Let’s Talk Clovis: John Allen “Happy Jack” Hawn, 1883-1964

John Allen “Happy Jack” Hahn, 1883-1964. (Clovis Museum)

John Allen Hawn was born in Fresno (Tulare & H streets) on May 4, 1883. His pleasant disposition soon gave him the nick name of “Happy Jack.” He began riding horses at age 4 and did not retire as an active rider until he was 77.

He attended the old Herndon school but quit during the fourth grade because he was needed on the family ranch. His father graded vineyards while Happy Jack” cared for their 200 horses.

During the early oil boom in Bakersfield, he and his father hauled derricks and machinery in wagon trains. They also helped grade the 30-mile railroad line in the Ivanpah Valley, part of the Mojave Desert.

One day in October 1893, he and his father were talking to friends when a policeman approached them and asked if they could tie a hangman’s knot. Happy Jack responded that he had just learned how from an old cowboy and performed the task. He would later view that rope being used at the hanging of Dr. Frank Vincent, who had been convicted of murdering his wife.

In 1908, Happy Jack rounded up 25 bucking horses and toured the country with his “Happy Jack’s Wild West Riders.” His show would feature the capture and hanging of a horse thief.

Future Hollywood cowboy star Hoot Gibson joined Hawn’s show that year.

They would tour the western United Sates and Canada. In 1912, Gibson won the first all around cowboy title offered at the Pendleton Roundup.

The first Salinas rodeo started on Aug. 1, 1911.  A crowd of 4,000 gathered at Sherwood Park racetrack. The events included horse races, a stunt pilot, a Mardi gras dance and a carnival.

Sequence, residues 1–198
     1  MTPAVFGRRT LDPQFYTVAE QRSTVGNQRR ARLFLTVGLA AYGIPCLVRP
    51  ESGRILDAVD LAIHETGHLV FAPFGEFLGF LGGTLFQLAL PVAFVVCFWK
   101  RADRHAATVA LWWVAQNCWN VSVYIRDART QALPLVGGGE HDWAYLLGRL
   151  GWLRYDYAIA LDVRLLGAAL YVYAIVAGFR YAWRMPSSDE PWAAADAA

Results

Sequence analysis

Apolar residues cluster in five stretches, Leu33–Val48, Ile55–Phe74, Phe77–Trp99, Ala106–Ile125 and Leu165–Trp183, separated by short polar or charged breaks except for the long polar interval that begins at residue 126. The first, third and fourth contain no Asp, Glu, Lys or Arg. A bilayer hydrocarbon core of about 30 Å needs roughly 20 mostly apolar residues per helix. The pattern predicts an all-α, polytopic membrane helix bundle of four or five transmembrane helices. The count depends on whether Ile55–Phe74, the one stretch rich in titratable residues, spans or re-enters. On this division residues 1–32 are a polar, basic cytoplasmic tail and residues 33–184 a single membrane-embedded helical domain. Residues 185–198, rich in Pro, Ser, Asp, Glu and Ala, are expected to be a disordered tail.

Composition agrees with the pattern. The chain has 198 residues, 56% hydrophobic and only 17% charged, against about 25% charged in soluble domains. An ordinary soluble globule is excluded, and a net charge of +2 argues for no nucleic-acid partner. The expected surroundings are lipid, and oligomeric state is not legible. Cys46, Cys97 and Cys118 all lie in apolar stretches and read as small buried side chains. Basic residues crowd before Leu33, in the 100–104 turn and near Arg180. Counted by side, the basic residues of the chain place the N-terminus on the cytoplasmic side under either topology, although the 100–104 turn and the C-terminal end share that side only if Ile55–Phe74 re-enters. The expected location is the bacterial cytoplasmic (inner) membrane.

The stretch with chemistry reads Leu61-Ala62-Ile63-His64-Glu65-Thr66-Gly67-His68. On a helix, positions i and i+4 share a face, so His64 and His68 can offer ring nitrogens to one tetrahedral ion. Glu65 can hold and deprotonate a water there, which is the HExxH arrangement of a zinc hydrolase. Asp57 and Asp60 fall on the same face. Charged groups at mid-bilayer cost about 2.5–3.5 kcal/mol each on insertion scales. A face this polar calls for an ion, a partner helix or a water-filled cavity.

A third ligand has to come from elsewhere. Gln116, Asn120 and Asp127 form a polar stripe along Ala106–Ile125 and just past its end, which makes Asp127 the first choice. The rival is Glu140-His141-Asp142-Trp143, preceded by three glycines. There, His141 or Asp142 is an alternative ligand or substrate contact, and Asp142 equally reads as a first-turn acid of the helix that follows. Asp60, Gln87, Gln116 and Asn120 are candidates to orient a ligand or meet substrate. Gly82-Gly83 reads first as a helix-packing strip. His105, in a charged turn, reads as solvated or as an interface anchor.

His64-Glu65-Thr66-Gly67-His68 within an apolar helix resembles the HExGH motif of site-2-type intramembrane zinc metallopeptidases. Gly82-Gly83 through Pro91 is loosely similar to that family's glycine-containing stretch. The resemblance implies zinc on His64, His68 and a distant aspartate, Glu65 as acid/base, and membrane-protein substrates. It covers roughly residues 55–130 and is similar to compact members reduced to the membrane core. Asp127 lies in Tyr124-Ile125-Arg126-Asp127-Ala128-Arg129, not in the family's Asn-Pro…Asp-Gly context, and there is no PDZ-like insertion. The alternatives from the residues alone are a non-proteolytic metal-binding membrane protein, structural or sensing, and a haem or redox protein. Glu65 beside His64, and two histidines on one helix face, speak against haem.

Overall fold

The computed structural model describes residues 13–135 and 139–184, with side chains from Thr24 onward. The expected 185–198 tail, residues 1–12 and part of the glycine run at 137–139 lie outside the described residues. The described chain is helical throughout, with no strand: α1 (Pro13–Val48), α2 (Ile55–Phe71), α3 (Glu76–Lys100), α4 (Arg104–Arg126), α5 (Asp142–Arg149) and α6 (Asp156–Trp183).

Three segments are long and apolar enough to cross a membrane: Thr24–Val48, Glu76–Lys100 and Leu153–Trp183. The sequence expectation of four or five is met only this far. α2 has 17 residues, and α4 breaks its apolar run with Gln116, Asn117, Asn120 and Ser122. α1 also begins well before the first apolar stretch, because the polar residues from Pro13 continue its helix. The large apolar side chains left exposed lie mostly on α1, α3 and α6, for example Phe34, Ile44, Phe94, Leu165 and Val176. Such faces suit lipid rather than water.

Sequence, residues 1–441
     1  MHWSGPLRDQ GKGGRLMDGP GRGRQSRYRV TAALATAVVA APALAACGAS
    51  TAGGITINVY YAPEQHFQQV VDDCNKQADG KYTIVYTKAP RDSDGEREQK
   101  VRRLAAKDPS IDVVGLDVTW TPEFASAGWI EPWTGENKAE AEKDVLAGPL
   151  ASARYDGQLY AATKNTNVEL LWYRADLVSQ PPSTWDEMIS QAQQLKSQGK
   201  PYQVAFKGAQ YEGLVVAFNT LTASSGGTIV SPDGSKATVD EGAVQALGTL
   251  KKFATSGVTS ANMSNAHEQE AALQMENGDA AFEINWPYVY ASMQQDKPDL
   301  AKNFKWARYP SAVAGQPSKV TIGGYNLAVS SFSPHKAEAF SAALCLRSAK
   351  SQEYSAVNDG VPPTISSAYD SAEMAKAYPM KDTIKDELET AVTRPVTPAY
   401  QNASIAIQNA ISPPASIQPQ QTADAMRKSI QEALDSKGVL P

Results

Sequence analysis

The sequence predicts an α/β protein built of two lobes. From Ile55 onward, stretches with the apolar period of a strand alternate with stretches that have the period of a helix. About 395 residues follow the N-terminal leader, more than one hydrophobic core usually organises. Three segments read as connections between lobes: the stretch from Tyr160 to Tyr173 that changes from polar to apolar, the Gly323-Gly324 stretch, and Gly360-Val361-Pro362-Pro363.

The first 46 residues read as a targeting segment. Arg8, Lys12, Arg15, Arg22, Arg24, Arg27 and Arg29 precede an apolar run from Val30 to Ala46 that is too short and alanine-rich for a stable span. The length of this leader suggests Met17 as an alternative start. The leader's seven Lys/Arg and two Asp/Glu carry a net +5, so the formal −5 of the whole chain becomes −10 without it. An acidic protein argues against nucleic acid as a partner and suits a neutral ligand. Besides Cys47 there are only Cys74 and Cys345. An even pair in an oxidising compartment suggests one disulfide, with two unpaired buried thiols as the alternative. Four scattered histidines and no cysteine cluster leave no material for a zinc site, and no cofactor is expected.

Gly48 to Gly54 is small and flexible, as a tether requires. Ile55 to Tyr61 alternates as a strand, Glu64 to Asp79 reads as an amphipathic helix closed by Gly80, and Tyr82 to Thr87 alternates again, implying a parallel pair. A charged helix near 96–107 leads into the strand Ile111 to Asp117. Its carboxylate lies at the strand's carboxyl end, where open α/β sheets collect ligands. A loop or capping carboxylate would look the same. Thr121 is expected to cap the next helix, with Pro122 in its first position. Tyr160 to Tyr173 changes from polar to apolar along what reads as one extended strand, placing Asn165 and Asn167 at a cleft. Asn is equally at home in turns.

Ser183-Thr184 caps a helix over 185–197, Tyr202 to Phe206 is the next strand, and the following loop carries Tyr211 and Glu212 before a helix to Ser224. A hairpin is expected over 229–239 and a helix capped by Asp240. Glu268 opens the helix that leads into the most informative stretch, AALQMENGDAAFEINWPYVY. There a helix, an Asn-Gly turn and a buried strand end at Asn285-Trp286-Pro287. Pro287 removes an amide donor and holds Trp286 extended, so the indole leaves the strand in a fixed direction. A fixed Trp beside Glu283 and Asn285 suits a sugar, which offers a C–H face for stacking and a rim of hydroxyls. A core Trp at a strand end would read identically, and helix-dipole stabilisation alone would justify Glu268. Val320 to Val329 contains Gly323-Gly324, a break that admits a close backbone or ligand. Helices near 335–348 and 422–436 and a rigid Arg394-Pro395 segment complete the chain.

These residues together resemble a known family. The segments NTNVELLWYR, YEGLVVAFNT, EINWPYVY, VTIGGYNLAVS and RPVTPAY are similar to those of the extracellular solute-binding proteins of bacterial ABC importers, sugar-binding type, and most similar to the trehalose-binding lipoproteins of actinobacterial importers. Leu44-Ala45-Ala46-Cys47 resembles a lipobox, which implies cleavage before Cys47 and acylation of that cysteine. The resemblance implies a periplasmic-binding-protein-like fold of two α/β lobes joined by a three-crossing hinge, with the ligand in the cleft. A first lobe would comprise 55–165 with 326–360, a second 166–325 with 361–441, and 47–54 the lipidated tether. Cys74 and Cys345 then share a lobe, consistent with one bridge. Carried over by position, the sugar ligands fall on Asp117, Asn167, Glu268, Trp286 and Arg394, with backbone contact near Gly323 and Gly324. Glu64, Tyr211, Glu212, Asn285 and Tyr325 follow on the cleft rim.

Happy Jack brought his Wild West show to that event. He was the star of the day. He furnished horses and bulls for the rodeo and competed in two events, bull riding and steer dodging.

He was the champion bucking horse rider at the Salinas Rodeo for nine consecutive years. He was one of the original 20 mule team drivers who hauled borax from Lebec mines to Bakersfield.

He stated: “Sometimes at the sharp turns, I could only see six of my mules, the others being around the bend. It took us eight days to make the round trip. We hauled 20 tons of borax out, and on the return, trip carried 10 tons of powder, caps, and provisions.”

Hawn drove a 24-mule team pulling five wagons of copper ore from the Copper King mine near Humphrey’s Station to the Deering railroad junction.

During his lifetime, he owned/trained approximately 3,000 horses. His 40-acre ranch was located at 3235 Olive Ave. He would train and coach many future rodeo champions.

Happy Jack served as Clovis Parade Marshal in 1953. He rode Peanuts, his 23-year-old palomino. Peanuts’ lineage represented the 66th horse from the direct line that he and his father had owned.

Hawn once said he believed there was never a horse born that he could not train. He did not wear the traditional cowboy boots but preferred a regular laced shoe with built up heels.

His saddle (#119 made by Clovis saddle maker Billy Hill) and chaps are on display at the Clovis Museum.

Happy Jack is a part of our rich heritage.

Peg Bos is the president of the Clovis Museum on 4th and Pollasky avenues in Old Town Clovis. She not only manages the museum but she also writes her Let's Talk Clovis column in our publication which features and highlight the amazing history of our city and culture. One fun fact about Peg Bos, she was the first female mayor of Clovis from 1984-86.